Developing a Healthy Self-Image

J


im was standing in line at the supermarket checkout when, to his amazement, in charged an angry, aggressive man, with his browbeaten wife in tow, pushing in line ahead of Jim and several other customers. With a forty pound (twenty-kilogram) sack of flour slung over his shoulder and handing his wife some money, he growled: "Here, you pay for the stuff." He then proceeded to stomp off with his bag of flour.

Unknown to him, there was a hole in the back of the flour bag. As he stormed out of the supermarket, he left behind a trail of white flour all the way to his car. As Jim walked out of the store, the angry man had just discovered his now half-empty sack of flour. Poetic justice one might suggest!

What makes people like this man so obnoxious? Among other possibilities, he undoubtedly has a very poor self-image. The bottom line is that these people don't feel loved. That's why his wife was such a wimp, too. People who strongly dislike themselves tend to either become weak, passive and over-compliant and withdraw, or project their self-hatred onto the people around them by being aggressive and bullying. Because they don't like themselves, they believe others don't like them either and set themselves up to be rejected.

At the root of many of life's conflicts, personal problems, and failures is a low sense of self-worth. If, for example, I believe and feel I am a failure, I will set myself up to fail. And if I believe I am a bad person, I will act accordingly.

On the other hand, if I believe myself to be a person of worth and am lovable, I will act in a worthwhile and lovable manner. If I believe I am a successful person, not in an egotistic way but in a healthy sense, I will succeed in life. This doesn't mean that I won't make mistakes and experience failures from time to time. But when I do, I may be disappointed, but I won't be devastated and will ask myself, "What can I learn from this experience?" I will then get up and try, try, try again—until I do succeed!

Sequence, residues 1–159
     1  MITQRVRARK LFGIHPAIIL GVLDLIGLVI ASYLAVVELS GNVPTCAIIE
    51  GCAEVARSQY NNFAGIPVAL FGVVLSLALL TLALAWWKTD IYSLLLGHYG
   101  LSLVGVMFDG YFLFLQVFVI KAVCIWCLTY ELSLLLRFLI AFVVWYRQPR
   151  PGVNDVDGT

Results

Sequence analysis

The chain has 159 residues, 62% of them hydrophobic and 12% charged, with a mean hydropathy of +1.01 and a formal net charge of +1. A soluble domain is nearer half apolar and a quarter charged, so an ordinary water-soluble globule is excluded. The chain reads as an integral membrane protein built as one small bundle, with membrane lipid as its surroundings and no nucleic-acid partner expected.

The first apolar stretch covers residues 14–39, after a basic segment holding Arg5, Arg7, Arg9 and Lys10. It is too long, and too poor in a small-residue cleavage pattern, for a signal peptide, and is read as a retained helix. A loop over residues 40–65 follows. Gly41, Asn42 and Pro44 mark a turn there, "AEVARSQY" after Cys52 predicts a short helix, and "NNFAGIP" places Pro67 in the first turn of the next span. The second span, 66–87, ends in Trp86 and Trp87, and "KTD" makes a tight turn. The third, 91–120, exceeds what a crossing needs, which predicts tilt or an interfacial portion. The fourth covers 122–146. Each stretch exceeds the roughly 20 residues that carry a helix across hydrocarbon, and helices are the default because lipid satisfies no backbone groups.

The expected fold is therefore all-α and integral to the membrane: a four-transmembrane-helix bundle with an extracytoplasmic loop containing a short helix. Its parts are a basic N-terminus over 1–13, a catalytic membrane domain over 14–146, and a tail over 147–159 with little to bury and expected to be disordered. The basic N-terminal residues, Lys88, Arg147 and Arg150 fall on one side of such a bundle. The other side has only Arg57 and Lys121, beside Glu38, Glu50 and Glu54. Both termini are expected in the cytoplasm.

A person with a healthy self-concept
is not conceited, arrogant or proud.

The self-concept is basically comprised of one's (1) self-image—how I picture or see myself, (2) self-esteem—how I feel about myself; and (3) self-worth—how much I value myself, all of which add up to one's level of self-acceptance, which is how much or how well I accept myself;

A person with a healthy self-concept is not conceited, arrogant or proud. That kind of person is covering up a poor self-concept. Healthy people know what their strengths and abilities are and develop and use these to achieve worthwhile goals. They also acknowledge their weaknesses without putting themselves down because of them, and work to overcome and master these.

A healthy self-concept is central to one's success in life. It is one of the greatest gifts we can give our children. Their self is a gift from God, but their self-concept is pretty much in our hands. However, if we parents fail to love and accept ourselves in a healthy sense, we cannot help our children develop a healthy self-concept because we cannot give what we don't have. Furthermore, without a healthy self-concept we become our own worst enemy.

By the way, while the Bible says to love our neighbor as our self,1 a humorist remarked, "Heaven help your neighbor if you hate yourself." There's a lot of truth in that statement.

God's Word also says we are not to think too highly of ourselves.3 This doesn't mean that we are to think too lowly of ourselves and have a poor self-image or a bad self-concept. We need to see and accept ourselves as God sees and accepts us which will give us a very healthy-self concept. So how then can we overcome a poor self-concept and/or make a good self-concept better?

Continued on Page Two


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